The heavy monster sound of Led Zeppelin, IS BACK. Not that there was anything wrong with the sound of Led Zeppelin III, just that the material maybe wasn’t as strong as we were getting used to back there. Can I say something? Immediately you’ll see where I’m going here when I say this. I absolutely adore the first THREE songs on this album. Best three songs here! And yeah, I’m being serious. God, ‘Stairway To Heaven’ is ‘Stairway To Heaven’ is ‘Stairway To Heaven’. It’s eight minutes long, has truly fascinating lyrics and a very purposeful, albeit getting to the point gradually, nature of the musical track. This ‘point’ is of course the heavier section of the song, the great Jimmy Page solo – and then I like the way the song closes. More of an event than a song, and a deliberately crafted event at that. The group reportedly ‘set about’ writing a suitably epic song that would rival the reception and glory of ‘Dazed And Confused’ during live performances. Nothing wrong with that, obviously. I like ‘Stairway To Heaven’ in case you didn’t quite get that during my mini-description of it back there. But, I guess this album revolves around whether you love, like or merely tolerate ‘Stairway To Heaven’. There are probably people out there that don’t even like the song at all. I’m not that kind of person, I fall definitely into the second camp. Whilst I’m here, I’ll also say that the huge drum sound of the overly lengthy ‘When The Levee Breaks’, along with the harmonica sound, is the best thing about the track. ‘When The Levee Breaks’ and ‘Stairway To Heaven’ are my least favorite two songs on ‘Led Zeppelin IV’. Which may sound ridiculous to some, it’s just I adore the faster, rockier stuff here so much more. Well, correction. The delicate ‘Going To California’ is one of my favourite Led Zeppelin songs. It’s just this straight folky thing, but Page and Plant both sound truly beautiful. A similar thing of possibly even greater wonder is the Sandy Denny assisted ‘Battle Of Evermore’. Sandy sings perfectly, not trying to be the main event, but still really aiding the haunting beauty of the song.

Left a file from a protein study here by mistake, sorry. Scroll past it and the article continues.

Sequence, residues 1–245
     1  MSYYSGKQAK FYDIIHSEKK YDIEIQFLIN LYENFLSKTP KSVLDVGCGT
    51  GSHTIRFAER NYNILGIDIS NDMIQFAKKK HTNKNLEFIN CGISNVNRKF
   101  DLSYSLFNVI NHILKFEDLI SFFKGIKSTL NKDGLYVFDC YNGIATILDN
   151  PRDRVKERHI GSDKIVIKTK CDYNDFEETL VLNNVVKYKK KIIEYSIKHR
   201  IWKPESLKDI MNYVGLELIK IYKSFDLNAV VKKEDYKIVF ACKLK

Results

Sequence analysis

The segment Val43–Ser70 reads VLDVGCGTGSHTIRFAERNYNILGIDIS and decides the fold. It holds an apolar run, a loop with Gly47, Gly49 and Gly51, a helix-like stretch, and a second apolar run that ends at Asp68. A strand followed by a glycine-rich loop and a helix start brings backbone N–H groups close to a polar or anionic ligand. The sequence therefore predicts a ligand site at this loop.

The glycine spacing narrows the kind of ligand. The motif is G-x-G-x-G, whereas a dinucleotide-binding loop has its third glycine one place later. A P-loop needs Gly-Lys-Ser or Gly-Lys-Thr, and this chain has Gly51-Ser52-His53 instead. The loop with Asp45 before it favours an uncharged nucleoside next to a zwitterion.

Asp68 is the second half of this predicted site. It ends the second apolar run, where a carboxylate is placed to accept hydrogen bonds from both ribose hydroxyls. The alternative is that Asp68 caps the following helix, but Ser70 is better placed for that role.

The “secret” of IV is probably its multifaceted character: there’s something for the entire family: dad can chop wood to the mid-paced stomp of “Black Dog,” son Jerry can freak out during the frenzied, turbo-boogie of “Rock and Roll,” while mom and uncle Dave can ponder during the gentle “Going to California.” It’s quite diverse, but it also seems to me that the dirtiness-factor has diminished, these are no longer the scoundrels of “Whole Lotta Love.” In the meantime, they’ve learned how to behave themselves and instead of turning only to the easy girls, they found the way to impress all the chicks out there with a more refined approach. Although, I’m not sure whether “refined” is applicable to “Black Dog,” as Plant promises Mama he’s gonna make her sweat and groove. It’s not as great a rock song as “Communication Breakdown” or as catchy as “Celebration Day,” but its brute force is undeniable. I wouldn’t have complained if it were a minute shorter though. “Rock and Roll” is about twice as good, steaming ahead at an amazing pace, while Bonham is torturing the cymbals with an inhuman power (or so it seems). Plant delivers his rock ‘n’ roll nostalgia with enough fervour, but ultimately this song is entirely dominated by Bonham and Page, who ensure that the song entirely lives up to its title. And the high quality level is continued with the folk song “The Battle of Evermore,” which again is proof of Plant’s infatuation with Tolkien’s literature – it probably also explains the drawing of the Hermit in the booklet as well, it might be Gandalf. All that cosy imagery about valleys, wars and castle walls is pretty silly, to be honest, but it’s also vague and by consequence, easy to ignore. Most importantly: the song delivers the goods, by grace of beautiful harmonies between Plant and folk diva Sandy Denny (Fairport Convention) who makes quite an appearance, while Page once again turns to his mandolin for authenticity’s sake.
Jimmy Page is the man on this album, he’s THE MAN. I just feel like squirming and rolling around naked in mud, with sheer glee – at the sound of this riff, and it’s variations. Really, I do! On ‘Black Dog’ you can hear classic Robert Plant vocal performance, classic, classic, classic. Oh, yeah, ‘Misty Mountain Hop’ has heavy drums, another fabulous riff, another winner, a great vocal performance again, great vocal rhythm actually – love what Plant does here. Okay, I’ll calm down. God, ‘Four Sticks’ is great too, another riff monster. So, even WITH ‘Stairway To Heaven’ and ‘When The Levee Breaks’ inhabiting around a third of this albums playing time, the rest is surely glorious enough for this album to deserve a ‘9’ score on the scale of 10? Just think, what if I actually loved instead of just liked ‘Stairway To Heaven’? What then?? Still, I can’t help that, can I?